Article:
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Formal meeting (oral evidence session): Risk Assessment and Risk Planning

Risk Assessment and Risk Planning Committee
Risk Assessment and Risk Planning

Wednesday 28 April 2021

Start times: 10.15am (private) 10.15am (public)

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How should risk be communicated? Lords ask

On 28 April, the Select Committee on Risk Assessment and Risk Planning will hear from two panels of experts - the first will critically analyse how successfully risk and preparedness is communicated to the public. The second panel will explore what we can learn about the UK’s preparedness for risks following the COVID-19 pandemic.

Meeting details

At 10.15am: Oral evidence
Inquiry Risk Assessment and Risk Planning
Professor of Behavioural Science and Security, Department of War Studies at Kings College London
Professor of Operational Research and Critical Systems at University of Manchester
Associate Professor, Science and Technology Studies Department and Director, UCL Warning Research Centre at University College London
Winton Professor of the Public Understanding of Risk, Statistical Laboratory, at University of Cambridge
At 11.15am: Oral evidence
Inquiry Risk Assessment and Risk Planning
Director at Reform
Programme Director at Institute for Government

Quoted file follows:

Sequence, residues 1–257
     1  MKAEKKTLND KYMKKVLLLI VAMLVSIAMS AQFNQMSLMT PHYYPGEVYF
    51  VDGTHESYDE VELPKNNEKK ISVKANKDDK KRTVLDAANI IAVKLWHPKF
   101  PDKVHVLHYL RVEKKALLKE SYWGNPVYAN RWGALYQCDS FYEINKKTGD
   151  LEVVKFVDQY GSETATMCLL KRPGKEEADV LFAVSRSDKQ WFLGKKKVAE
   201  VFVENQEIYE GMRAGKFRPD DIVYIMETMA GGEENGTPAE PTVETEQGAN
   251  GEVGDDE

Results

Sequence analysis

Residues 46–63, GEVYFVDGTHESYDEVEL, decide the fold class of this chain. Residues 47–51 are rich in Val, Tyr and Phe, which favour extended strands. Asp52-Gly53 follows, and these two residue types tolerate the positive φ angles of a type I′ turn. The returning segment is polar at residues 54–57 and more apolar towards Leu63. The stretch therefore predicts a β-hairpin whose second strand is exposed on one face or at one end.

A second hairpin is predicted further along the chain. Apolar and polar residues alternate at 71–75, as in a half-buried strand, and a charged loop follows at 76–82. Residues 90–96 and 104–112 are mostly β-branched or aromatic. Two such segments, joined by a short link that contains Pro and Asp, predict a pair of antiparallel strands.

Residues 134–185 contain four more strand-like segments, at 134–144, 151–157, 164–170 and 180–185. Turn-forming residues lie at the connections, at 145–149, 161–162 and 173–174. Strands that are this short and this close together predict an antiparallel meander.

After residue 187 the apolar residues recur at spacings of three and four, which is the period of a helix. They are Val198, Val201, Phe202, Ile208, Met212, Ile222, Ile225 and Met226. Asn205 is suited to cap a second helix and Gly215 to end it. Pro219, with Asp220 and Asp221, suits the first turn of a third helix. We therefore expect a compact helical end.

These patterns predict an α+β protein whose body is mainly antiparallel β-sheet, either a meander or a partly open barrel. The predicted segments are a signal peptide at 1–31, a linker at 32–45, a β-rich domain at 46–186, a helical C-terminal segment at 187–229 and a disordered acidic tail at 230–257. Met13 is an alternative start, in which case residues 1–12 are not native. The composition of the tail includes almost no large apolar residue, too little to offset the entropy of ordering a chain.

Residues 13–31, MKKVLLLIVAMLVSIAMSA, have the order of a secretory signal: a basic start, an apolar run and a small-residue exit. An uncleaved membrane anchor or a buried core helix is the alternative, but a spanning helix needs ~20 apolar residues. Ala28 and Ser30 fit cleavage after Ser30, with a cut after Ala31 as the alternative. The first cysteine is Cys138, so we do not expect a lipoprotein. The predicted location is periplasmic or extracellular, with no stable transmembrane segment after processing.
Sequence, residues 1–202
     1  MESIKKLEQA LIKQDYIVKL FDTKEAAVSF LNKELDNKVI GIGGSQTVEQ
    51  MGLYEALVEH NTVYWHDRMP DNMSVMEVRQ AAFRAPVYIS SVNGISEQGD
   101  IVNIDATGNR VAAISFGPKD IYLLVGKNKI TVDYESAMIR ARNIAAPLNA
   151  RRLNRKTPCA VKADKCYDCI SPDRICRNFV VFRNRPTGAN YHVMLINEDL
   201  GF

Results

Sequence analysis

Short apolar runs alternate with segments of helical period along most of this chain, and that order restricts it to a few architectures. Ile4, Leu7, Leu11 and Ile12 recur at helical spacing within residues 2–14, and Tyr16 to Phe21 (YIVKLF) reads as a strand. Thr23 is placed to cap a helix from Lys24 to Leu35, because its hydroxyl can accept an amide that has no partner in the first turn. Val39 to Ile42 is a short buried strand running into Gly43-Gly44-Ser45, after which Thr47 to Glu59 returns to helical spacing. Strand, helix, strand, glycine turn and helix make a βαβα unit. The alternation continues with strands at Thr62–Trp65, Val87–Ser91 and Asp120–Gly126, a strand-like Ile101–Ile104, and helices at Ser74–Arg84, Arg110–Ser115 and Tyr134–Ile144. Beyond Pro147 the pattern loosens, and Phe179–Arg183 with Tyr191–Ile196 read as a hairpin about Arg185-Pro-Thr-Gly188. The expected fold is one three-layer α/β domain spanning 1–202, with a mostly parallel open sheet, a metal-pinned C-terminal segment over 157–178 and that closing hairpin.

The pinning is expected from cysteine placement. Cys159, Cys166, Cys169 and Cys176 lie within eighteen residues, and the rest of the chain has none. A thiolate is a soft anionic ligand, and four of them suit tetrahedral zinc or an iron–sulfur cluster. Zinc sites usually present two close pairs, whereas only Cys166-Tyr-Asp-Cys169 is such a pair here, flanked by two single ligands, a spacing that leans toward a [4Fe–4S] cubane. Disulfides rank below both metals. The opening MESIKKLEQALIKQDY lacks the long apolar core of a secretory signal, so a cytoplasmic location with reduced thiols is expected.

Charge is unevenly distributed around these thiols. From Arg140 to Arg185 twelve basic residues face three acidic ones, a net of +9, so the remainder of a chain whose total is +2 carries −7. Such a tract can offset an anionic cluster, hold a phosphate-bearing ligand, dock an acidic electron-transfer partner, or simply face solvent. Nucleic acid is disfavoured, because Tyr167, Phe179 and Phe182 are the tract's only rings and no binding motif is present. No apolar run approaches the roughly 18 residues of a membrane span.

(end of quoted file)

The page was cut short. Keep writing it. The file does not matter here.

Emeritus Professor of Public Health at Chinese University of Hong Kong
At 12.15pm: Private discussion
Inquiry Risk Assessment and Risk Planning

Possible questions include:

  • What are the most significant issues with how risk is communicated by the Government, particularly by senior leaders?
  • What information and tools are required to help individuals assess risks to themselves and respond proportionally? How can we counter misinformation, particularly on social media?
  • Are risk registers and risk matrices, such as the National Risk Register and local equivalents, useful tools for communicating risk to the public or raising public awareness of threats and hazards? 
  • What lessons can we learn from COVID-19 about the role of the public and local communities in responding to health crises? 
  • How can the UK ensure that the eventual COVID-19 inquiry is effective and that the lessons learned are embedded? 
  • What are the main lessons to be learned from COVID-19, particularly with regards to the UK’s preparedness before the pandemic hit?

Further information


You can follow the Committee on Twitter @LordsRiskCom


Virtual meeting (webcast)